The Center for the History of Medicine is pleased to announce the opening of the Harvard University Cancer Commission records, 1888-1945. The records include correspondence, administrative reports, meetings minutes, and financial ledgers and statements. The collection also contains records related to patient treatment, including the therapeutic use of radium and x-rays, ledgers detailing the treatment of patients, correspondence regarding autopsy results, and microscopic and diagnostic results.

The Harvard University Cancer Commission began with a donation of $100,000 from the Caroline Brewer Croft Fund. The donation was made after her death in 1899 and was placed under the control of physicians Henry K. Oliver and J. Collins Warren, who placed the funds with Harvard University in order to develop and endow an organization dedicated to the study and treatment of cancer. The Caroline Brewer Croft Cancer Commission was founded on June 16, 1899, and was changed to the Harvard University Cancer Commission in 1909, in order to allow for the consolidation of funding. In 1910, fundraising began for a new hospital to be operated by the Commission to aid in its research. A donation of $100,000 from Mrs. Collis P. Huntington allowed for the construction of the Collis P. Huntington Memorial Hospital in 1912. Also affiliated with the Commision were William T. Bovie, William Duane, Joseph Aub, Shields Warren, Edward D. Churchill, and Nobel Prize winner George Richards Minot. With the Commission facing financial difficulties, the Collis P. Huntington Memorial Hospital was closed on January 1, 1942, with its records, clinical work, and laboratories being transferred to Massachusetts General Hospital and Harvard Medical School.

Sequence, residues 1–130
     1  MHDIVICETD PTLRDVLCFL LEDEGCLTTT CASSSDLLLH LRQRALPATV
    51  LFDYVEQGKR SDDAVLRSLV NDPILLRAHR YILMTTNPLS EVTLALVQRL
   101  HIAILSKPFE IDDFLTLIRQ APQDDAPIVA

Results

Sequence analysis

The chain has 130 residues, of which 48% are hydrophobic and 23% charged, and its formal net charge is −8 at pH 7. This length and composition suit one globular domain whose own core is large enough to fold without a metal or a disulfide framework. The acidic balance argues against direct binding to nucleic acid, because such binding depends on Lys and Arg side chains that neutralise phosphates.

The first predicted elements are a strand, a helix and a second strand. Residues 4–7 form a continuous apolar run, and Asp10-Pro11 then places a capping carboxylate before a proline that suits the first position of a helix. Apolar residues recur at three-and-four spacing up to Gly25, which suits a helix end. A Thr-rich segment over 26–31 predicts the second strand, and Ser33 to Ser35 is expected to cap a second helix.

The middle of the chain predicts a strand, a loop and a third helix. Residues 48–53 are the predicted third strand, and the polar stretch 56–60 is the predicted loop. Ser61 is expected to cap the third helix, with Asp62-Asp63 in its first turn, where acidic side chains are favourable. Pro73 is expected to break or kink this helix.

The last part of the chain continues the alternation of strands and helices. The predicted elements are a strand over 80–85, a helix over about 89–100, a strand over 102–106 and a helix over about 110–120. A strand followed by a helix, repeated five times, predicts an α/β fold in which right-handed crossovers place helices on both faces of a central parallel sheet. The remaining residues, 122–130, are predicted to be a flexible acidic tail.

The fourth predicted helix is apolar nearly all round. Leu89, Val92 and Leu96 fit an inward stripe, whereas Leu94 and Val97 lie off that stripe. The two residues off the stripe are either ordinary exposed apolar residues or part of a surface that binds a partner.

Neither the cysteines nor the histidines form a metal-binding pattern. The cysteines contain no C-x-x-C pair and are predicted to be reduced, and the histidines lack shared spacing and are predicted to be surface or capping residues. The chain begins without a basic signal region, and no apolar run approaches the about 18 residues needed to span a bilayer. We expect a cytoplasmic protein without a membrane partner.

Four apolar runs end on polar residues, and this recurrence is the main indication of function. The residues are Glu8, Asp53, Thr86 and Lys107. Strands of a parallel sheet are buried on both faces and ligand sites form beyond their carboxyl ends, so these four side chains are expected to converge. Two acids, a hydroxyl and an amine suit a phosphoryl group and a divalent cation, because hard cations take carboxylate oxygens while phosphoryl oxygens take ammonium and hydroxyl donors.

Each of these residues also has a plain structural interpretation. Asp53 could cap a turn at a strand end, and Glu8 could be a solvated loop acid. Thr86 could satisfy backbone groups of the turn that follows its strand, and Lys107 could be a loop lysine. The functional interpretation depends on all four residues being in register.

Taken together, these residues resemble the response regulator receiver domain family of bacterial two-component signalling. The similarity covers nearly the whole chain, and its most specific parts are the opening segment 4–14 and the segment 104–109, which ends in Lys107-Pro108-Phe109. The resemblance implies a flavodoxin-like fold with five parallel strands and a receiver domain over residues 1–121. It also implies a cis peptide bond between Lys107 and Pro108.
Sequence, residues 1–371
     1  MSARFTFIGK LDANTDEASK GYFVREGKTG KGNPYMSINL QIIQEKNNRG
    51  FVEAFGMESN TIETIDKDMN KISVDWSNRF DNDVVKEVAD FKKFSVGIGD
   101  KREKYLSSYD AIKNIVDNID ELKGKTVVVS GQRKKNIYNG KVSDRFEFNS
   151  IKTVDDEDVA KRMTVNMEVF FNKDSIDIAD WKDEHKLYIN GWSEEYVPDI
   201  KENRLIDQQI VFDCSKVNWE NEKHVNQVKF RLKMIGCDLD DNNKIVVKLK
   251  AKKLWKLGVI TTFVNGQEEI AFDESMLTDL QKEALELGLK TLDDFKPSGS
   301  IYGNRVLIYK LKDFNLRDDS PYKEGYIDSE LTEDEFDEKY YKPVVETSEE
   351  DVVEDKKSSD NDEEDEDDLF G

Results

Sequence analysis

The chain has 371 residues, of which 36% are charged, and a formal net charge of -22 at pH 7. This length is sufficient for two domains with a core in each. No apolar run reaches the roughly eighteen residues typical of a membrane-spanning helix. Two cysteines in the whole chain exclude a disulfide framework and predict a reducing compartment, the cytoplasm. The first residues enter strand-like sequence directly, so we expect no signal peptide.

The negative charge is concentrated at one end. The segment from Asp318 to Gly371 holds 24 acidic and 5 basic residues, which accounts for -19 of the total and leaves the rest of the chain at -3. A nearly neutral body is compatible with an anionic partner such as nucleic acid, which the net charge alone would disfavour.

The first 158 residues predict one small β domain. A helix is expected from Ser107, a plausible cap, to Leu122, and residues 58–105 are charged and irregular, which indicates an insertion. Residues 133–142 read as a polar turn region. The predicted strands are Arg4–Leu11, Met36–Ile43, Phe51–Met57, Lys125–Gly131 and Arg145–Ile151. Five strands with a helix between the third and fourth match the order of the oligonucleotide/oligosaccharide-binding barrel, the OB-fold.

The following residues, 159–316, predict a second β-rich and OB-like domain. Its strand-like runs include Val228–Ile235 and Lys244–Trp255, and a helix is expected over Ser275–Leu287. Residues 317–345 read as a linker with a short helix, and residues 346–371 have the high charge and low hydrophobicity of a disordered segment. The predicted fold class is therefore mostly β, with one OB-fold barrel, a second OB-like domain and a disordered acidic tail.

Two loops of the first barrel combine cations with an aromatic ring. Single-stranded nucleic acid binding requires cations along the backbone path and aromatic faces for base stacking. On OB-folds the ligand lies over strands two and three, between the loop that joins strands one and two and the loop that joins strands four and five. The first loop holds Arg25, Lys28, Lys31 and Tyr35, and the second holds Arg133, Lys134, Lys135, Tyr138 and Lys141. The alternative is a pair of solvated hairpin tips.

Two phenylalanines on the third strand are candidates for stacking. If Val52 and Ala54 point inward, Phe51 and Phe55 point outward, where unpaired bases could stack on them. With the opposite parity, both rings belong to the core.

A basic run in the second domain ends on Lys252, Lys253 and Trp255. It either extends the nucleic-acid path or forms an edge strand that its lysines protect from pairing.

The functions of the Cancer Commission were taken over by the Harvard Medical School Commission on Special Diseases in 1947 and by the Committee on Research and Development in 1949.

The finding aid for the Commission records can be found here.

For information regarding access to this collection, please contact the Public Services staff.

Fredrick J. Stare Papers Open to Research

By , March 29, 2018
Fredrick J. Stare at desk, undated.